It was sometimes possible in the analyses to calibrate the response function of a key outcome, such as tree growth, to climate. Often the different scenarios produced similar results, with differences mainly in short-term (interannual) variability. The graphic display of such results overlaps to such an extent that clear trends are difficult to see. As a result, when the outputs of a climate variable of interest were broadly similar among the five scenarios, the high- and low-end members were used to examine the range of consequences produced by the scenarios. Using the Ari Mas region again as an example, warm-season (May–September) temperatures projected by the ECHAM4/OPYC3 model increase by about 5.7°C and those projected by CSM_1.4 by about 3.0°C (Fig. 14.5). The warm-season mean is closely related to the mean radial growth of trees at this location, so the scenarios provide some basis for understanding what the effects of temperature increases at this location might be on tree growth and vigor (sustained rate of growth over time). Note the generally close relationship in Fig. 14.5 between the regional tree-ring growth signal, and the mean May through September temperature. Siberian larch is heat-limited and displays a positive growth relationship with temperature. The ECHAM4/OPYC3 scenario for the 21st century projects temperatures that would approximately double the rate of growth and make this marginal site a productive forest. The CSM_1.4 scenario does not project the same degree of warming, but would eliminate periods of severe growth limitation. It should be remembered that the relationship of tree growth to climate may change under an altered climate.
Very few of the examined model outputs showed cooling or no change. The exception in the analysis is Reykjavik, Iceland. The CGCM2 and GFDL-R30_C scenarios for the grid cell that contains Reykjavik project mean annual and summer (May–August) temperatures that generally are not warmer than 20th-century observations, and temperatures at the end of the 21st century that are near the long-term means of the recorded data (Fig. 14.6a,d). Other model scenarios for the Reykjavik grid cell generally show a warming trend (Figs. 14.6b,c), but the magnitude is notably less than most of the other grid cells and stations examined. The four scenarios shown in Fig. 14.6 produce higher values of both summer and mean annual temperature than were recorded during the mid-20th century temperature peak, but in this highly maritime area none of the scenarios greatly exceed the mid-20th century temperatures. Note the variability in the degree to which the different scenarios reproduce the historical relationship between the two variables depicted.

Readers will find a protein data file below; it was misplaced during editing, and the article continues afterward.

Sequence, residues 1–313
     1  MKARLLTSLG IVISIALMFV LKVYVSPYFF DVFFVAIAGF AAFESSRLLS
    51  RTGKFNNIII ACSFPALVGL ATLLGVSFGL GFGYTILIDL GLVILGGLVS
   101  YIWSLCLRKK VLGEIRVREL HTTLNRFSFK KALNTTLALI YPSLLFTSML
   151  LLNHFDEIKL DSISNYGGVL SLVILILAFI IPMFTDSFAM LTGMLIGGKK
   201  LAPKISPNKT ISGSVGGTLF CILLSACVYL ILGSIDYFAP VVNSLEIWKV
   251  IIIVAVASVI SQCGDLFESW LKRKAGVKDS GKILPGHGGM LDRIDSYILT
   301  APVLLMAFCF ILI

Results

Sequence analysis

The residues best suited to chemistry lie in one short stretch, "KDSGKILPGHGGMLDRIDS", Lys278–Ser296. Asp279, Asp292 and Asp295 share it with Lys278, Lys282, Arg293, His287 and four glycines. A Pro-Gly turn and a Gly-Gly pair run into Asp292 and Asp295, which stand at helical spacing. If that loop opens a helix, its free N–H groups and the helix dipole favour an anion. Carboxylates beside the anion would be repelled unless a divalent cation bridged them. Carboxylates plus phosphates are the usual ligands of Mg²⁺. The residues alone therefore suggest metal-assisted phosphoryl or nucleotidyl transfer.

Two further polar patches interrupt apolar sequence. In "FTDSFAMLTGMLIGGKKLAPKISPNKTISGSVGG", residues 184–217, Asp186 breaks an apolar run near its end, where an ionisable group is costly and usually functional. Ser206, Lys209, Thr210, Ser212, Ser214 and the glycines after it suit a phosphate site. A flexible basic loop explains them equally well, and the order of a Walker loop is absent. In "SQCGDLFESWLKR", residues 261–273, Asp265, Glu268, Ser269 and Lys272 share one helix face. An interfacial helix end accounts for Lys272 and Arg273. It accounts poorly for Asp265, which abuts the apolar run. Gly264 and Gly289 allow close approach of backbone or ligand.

Variability and seasonality (14.4.4)
In addition to long-term trends and magnitudes of temperature increase, the models produce different features of shorter-term climate variability. Often these short-term climate events or minor trends can be decisive ecological influences. For example, even one or two years of high temperatures can be enough to produce extreme risk of forest fire or optimal conditions for major outbreaks of insects that kill trees or reduce their growth (section 14.8). Conversely, cold spells during the growth season may harm or kill the trees. A short-term period of favorable weather may trigger production of especially large tree seed crops, with long-lasting ecological consequences. The stations used for scenario analysis exhibit the opposite temperature relationships mentioned in section 14.2.4 (Fig. 14.7). When summer (June–August) temperatures are high at Fairbanks, Alaska (western interior of North America) they tend to be low at Yakutsk, Russia (eastern interior of Eurasia) (Fig. 14.7a). When mean annual temperatures at Goose Bay, Labrador, Canada (eastern edge of North America) are high, they tend to be low at Haparanda, Sweden (western edge of Eurasia) (Fig. 14.7b).
Because these features of climate variability are so important in producing ecological effects, it is important to understand the behavior of the models with respect to key features of short- and medium-term variability and seasonality.
Most of the ACIA-designated model outputs for the grid cells examined reproduce something close to the historical record of the difference between summer and mean annual temperature (Figs. 14.6 and 14.8a,c,d,e). However, sometimes scenario outputs show a different relationship between summer (May–August) and mean annual temperature than do the recorded data (Fig. 14.8b). All the model scenarios shown in Fig. 14.8 project temperature increases that are likely to substantially alter the moderately temperature-limited forest climate typical of the 20th century. The models project temperature ranges that would surpass thresholds for key factors such as outbreaks of insects that attack trees, new species, and altered ecosystem functions such as growth, fire, and decomposition.